Ottoman Shipyard and Cemetery
There is a hidden gem in Bodrum, that boat lovers and historians might enjoy - the Ottoman Shipyard. It was discovered when Turkcell were doing their city wall excavations. This area has been recently restored and its best feature is the Ottoman tower that would have been used by Ottoman ship builders to keep an eye on the harbour and watch for enemies and pirates (apparently). Ships have been built here and in other parts of Bodrum for thousands of years (and still continues today with the modern gulet building), it is said that the Carian ship builders actually made ships for the ancient Egyptian pharoahs. Bodrum has a naval tradition whereby its various warrior leaders fought at sea and Bodrum has had to repel many sea based invaders. This Ottoman shipyard was built around 1800 (a date of 1784 has been suggested for the tower).
Taxi's will be able too take you to the site which is quite near to the harbour, heading North. The restored tower is used for exhibitions. Also behind the site is an Ottoman Cemetery with its very distinctive Islamic funeral monuments. It is no longer in use as a burial site. The famous Cafer Pahsa is buried here (mosque in town is named after him).
Open daily from 9am - 6pm (free)
Photos to come soon
Market Day in Bodrum
Tuesday morning is a good time to visit Bodrum. The weekly market is on in the market area across from the bus office and you are guaranteed crowds and a chaotic, energetic shopping session. Inside the covered area where most of the stalls are you can buy fake designer clothes and watches, shoes, toys,bags and all kinds of other things you never knew you needed until you saw them.
On the ramps leading down from the building and along the footpath the market gets much more colourful. Old women have their perches here with their wares laid out in front of them, either on the ground or on makeshift crates. They sell eggs, vegetables, dried flowers and anything else they produce on their farms or gardens. We bought dried lavender, nuts and fruit. Here at the market and around the bus office generally was the only place where we saw women dressed in traditional dress or indeed any hint that this was a city in Turkey.Related to:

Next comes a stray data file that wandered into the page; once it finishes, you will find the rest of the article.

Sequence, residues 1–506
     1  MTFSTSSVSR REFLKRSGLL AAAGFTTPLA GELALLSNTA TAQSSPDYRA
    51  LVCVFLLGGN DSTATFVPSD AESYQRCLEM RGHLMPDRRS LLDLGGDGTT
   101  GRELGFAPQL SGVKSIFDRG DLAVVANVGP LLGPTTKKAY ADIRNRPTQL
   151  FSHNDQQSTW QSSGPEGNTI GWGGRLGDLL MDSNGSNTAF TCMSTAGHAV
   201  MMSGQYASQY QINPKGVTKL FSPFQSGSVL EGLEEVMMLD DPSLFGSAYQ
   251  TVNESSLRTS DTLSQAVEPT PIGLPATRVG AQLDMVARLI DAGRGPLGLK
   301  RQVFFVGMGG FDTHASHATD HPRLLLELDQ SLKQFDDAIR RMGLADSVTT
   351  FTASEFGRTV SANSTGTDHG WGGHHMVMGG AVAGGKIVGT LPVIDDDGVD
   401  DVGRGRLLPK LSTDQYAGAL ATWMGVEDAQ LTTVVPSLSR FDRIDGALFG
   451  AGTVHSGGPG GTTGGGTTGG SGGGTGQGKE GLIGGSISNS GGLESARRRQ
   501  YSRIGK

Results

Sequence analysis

- Budget Travel
Aquapark Dedeman: Bodrum Waterpark
The waterpark is about 3 miles outside Bodrum (north along the peninsula) near a town calles Ortakent. You can get to the waterpark by dolmus, taxi or go on an arranged vist from the tour operator - however the park costs about 20YTL and is much more expensive if you go as part of an organisd trip.
The park has loads of slides and watery rides in a range of terrifying types. The large slides (You can't miss them!) are scary enough - some are open to the air and others are covered, like tubes and these are quite claustrophobic. The black hole slide is just that. There are pools with wave machines.
Food is no problem as the park is full of snack bars and fast food restaurants - no quality but cheap and quick.
The parks website is in turkish but it's not s problem as the park is advertised all over bodrum in English.Related to:
- Family Travel
- Theme Park Trips
Go on a day trip to Rhodes
Rhodes is much further away from Bodrum than the local Greek island of Kos (about 200km) but Rhodes is a fantastic island, and the old town has plenty to see and do for a day if you can cope with the long hydrofoil journey, that lasts for approx 2 hours. This trip only runs in the summer, only runs once a week and is very determined by the weather.
Rhodes town has a strong connection with Bodrum since it to owes much of it's construction and a large chunk of its history to the Knights of St John (who built Bodrum Castle). Waking around the walls and inside the town reveals shops and nice places to eat as well as an opportunity to stand where the colossus of Rhodes once stood (that will be your second ancient wonder of the world after the mausoleum of Halikarnassus).
You will not have enough time in Rhodes to stray much further than the old town and this is likely to be a tiring day due to the amount of travel but it may give you enough of a taste of Rhodes to entice you back for a longer holiday there.
Milas: A day out from Bodrum
The ancient and very historical city of Milas was once the capital city of Caria and it has a great deal of archaeology for those with a car or willing to do the bus journey. Milas is about 45km from Bodrum. It is worth the trek to see some well preserved Roman artefacts. It is handily placed near the airport so is an ideal stop off on the way to/from Bodrum for some shopping and food.
In days gone by this city was called Mylasa and its claim to fame now is that it has been and is one of the centres for traditional Turkish carpet making. Each carpet designing and making region in Turkey has its own style - Milas carpets are plainer and more geometric than those from other regions. Just remember to be careful when buying carpets - Turkish carpets are really works of art and some are certainly expensive enough to be framed. Genuine carpet dealers will take you to see where the handmade carpets are produced and allow you to watch the process. It is quite amazing to watch the ladies weaving and knotting and it is as you watch this that you understand how the carpets are so expensive - the hours taken can be phenomenal. Check the carpets and be happy before you part with money.